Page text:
Edgar Lee Masters based his epic collection of poems, Spoon River Anthology, upon the lives of real people he knew, heard about or represented in his legal practice as a public defender. Many of Masters’ characters bore a striking resemblance to his former townspeople in Lewistown and Petersburg, Illinois, and when the collection was published in 1915, it created enormous community unrest and embarrassment.
In 1963, actor and playwright Charles Aidman chose 75 of Masters’ original Spoon River Anthology epitaphs and conceived and directed them, accompanied by musical interludes. The New York Times described this Broadway production as “a glowing theater experience…A brooding and loving American folk poem brought to life on a stage” and the New York Post called it “an evening of astonishingly stirring emotional satisfaction.”
Now celebrating its 100th anniversary, Spoon River Anthology will open at SUNY-Ulster’s Quimby Theater on Thursday, November 19. The play is directed by Richard Cattabiani, adjunct professor in the English Department under the Dean of Faculty Office at SUNY-Ulster.
“Masters became persona non grata. People said, ‘You can’t say that! That’s my mother you’re talking about!’ and he left town and lived in Chicago. The truth can be brutal, and it really shattered the myth of the moral superiority of rural America,” says Cattabiani. “The irony is that Masters published 50 volumes of poetry and fiction, and this is the only one he’s remembered for.”
There’s another irony here that cannot be escaped: Though Spoon River Anthology was banned from Spoon River area schools and libraries until 1974, here at SUNY-Ulster, the stage production is creating a bond among many new members of the college community. The cast boasts 25 members of the faculty, staff and administration (including the college’s new president Alan P. Roberts) as well more than 20 students.
“There are 75 characters, 93 costume changes, 121 light cues, 54 music cues – and all of it comes together and we’re having a wonderful time. The parts each person plays are like beads on a string or a necklace, strung together with musical interludes,” says Cattabiani, who massaged the play a bit to suit the talents of the school community of actors and musicians. “Aidman suggested music, and we’ve tripled it in our production, using a wide selection of traditional folksongs, Americana and classical music.”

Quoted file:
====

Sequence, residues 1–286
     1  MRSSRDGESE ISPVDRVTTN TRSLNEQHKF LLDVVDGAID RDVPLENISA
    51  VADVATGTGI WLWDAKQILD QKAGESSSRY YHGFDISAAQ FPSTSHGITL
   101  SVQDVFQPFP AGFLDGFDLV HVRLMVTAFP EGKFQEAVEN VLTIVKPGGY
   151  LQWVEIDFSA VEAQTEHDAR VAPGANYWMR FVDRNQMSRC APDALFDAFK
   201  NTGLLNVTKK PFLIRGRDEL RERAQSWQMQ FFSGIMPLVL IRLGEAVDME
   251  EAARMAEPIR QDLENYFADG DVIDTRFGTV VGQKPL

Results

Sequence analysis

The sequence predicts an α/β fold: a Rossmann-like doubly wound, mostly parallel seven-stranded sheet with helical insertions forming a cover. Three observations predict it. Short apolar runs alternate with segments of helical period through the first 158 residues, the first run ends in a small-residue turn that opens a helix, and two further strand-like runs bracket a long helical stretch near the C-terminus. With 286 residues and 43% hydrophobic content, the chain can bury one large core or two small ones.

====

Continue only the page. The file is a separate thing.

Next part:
“I am humbled by the quality of the musicianship we are presenting here, from classical repertoire to Woody Guthrie,” says Cattabiani. “Anastasia Sohlberg [Director of SUNY-Ulster’s String Ensemble] has an international reputation. Listening to her play violin or fiddle…it’s the same instrument, just a different attitude, from a Bach suite to ‘Jimmy Crack Corn.’ Her range and versatility never cease to amaze me.” Iain Machell, chair of the Art, Design, Music, Theater and Communications Department, and student David Kahen round out a trio of talented multi-instrumentalists who play banjo, dobro, harmonica, guitar, violin, viola and bodhran, offering deeper cultural context to spoken-word performances.
This production of Spoon River Anthology is a fundraiser for SUNY-Ulster’s Academic Travel program, an umbrella for both domestic and international student travel programs. As a younger man, Cattabiani received a Fulbright Scholarship, and the experience showed him that Americans are often very insular. Following completion of his scholarship, he and his young family lived in Europe for some time while he taught and lectured in England, Scotland and Germany. Cattabiani also taught at New Paltz High School for more than 30 years before beginning his career at SUNY-Ulster. After a few years at SUNY-Ulster, he approached former President Donald Katt about initiating the International Programs to bring the college into global citizenship.